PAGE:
GMU Ethics questions

Question 1: 

According to Natural Law Theory if something is natural it is good, and anything that is unnatural is wrong. Take this basic principle and apply it to the issue of euthanasia. Euthanasia is the intentional ending of a human life when a person is terminally ill. Is euthanasia natural or unnatural? Be sure to explain exactly what you think it means for something to be natural, based on your reading in the text and the lecture notes. Also, people sometimes make a distinction between active euthanasia (performing an action which will lead to a person’s death, such as giving them a lethal dosage of some kind of medication) and passive euthanasia (not performing those kinds of treatments which could save a dying person’s life. This is the basis for what are called DNR, or Do Not Resuscitate orders. These are instructions to paramedics and others trained in emergency medical situations. They essentially say that if a person is dying the paramedic is not supposed to engage in extraordinary measures to keep the person alive). Is passive euthanasia somehow natural but active euthanasia unnatural? What do you think about all this?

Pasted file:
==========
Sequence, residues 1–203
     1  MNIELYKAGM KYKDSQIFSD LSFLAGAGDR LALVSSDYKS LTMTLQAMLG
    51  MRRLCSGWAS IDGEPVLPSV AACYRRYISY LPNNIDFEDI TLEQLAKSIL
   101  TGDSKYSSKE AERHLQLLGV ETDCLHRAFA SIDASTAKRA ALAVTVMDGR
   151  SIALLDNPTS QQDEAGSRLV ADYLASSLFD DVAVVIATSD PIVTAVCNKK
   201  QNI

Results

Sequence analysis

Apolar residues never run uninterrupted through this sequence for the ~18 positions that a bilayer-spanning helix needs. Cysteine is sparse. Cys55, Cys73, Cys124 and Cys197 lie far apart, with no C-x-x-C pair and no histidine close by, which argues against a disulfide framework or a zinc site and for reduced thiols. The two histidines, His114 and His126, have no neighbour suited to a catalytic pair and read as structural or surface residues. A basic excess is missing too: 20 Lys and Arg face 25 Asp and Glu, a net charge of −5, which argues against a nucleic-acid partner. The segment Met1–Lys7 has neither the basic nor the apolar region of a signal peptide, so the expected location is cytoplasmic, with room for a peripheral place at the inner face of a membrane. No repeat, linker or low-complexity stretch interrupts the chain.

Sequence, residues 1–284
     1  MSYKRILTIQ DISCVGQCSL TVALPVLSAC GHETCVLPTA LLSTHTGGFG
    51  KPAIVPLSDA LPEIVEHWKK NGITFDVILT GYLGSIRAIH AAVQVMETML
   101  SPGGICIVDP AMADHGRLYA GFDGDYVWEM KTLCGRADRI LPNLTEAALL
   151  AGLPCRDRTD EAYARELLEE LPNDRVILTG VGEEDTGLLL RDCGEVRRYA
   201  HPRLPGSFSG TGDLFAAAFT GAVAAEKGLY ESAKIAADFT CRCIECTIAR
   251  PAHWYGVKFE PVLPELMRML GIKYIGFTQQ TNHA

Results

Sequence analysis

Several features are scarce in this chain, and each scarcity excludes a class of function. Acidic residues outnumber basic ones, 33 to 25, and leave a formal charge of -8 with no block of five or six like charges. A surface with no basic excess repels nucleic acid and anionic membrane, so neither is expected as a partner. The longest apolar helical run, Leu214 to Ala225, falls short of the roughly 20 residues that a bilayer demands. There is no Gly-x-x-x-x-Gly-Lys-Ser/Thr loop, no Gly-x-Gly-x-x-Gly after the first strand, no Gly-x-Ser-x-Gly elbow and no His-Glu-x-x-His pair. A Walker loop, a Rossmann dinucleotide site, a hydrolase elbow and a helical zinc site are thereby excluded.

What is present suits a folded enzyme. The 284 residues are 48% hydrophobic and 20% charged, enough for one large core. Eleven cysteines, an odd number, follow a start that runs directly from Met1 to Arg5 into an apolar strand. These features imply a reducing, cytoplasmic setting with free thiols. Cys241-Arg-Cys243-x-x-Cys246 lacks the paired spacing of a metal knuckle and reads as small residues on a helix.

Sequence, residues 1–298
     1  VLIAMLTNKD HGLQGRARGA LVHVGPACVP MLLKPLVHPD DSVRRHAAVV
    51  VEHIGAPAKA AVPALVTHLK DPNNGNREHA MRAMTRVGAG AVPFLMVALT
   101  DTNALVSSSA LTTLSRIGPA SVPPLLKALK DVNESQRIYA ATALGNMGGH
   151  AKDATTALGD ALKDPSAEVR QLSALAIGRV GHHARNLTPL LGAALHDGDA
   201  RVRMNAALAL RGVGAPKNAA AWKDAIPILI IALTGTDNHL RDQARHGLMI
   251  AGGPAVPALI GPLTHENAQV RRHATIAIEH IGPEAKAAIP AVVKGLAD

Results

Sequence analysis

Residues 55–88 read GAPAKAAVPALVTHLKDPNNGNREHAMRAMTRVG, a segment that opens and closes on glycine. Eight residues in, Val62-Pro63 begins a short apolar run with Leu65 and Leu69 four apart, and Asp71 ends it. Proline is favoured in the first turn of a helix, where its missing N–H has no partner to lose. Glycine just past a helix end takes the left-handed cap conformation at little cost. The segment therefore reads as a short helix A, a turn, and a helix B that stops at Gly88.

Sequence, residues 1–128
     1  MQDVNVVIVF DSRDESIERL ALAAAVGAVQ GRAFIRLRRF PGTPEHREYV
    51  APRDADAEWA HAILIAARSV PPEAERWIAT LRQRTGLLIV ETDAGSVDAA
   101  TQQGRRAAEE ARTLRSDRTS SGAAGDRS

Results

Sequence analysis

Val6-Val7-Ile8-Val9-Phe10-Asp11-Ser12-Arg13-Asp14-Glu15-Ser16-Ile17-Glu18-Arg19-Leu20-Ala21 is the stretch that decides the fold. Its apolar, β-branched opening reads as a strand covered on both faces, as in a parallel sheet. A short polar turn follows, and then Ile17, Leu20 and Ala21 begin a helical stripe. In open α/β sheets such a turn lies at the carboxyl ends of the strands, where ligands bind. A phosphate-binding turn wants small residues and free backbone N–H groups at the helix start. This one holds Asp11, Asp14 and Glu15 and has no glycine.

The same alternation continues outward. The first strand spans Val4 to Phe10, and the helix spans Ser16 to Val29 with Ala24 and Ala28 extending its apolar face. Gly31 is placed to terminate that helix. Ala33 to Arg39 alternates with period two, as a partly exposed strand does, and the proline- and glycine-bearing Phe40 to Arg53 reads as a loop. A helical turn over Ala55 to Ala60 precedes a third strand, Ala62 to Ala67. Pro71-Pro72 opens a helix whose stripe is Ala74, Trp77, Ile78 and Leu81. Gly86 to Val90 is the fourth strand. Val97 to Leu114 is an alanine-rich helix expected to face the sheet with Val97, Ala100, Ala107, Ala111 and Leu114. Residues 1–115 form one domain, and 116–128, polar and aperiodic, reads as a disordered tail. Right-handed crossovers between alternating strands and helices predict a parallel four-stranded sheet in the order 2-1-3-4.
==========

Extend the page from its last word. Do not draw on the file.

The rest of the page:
Question 2:

The notes and the text discuss WD Ross, a philosopher in the first half of the 20th century who was a moral pluralist. He believed that there were 7 basic moral duties. (If you’ve forgotten the list you might want to review it for this question.) Ross said that he knew that there were just these seven moral duties based on reason. Do you think he missed any moral duties? Which ones? Does your reason tell you that these are moral duties, or do you believe this just because of your religion, or the way you were brought up, or because of some other cultural bias? How might you convince Ross that there really is such a duty as the one you’ve suggested, and how might you explain to him the fact that he overlooked this duty.

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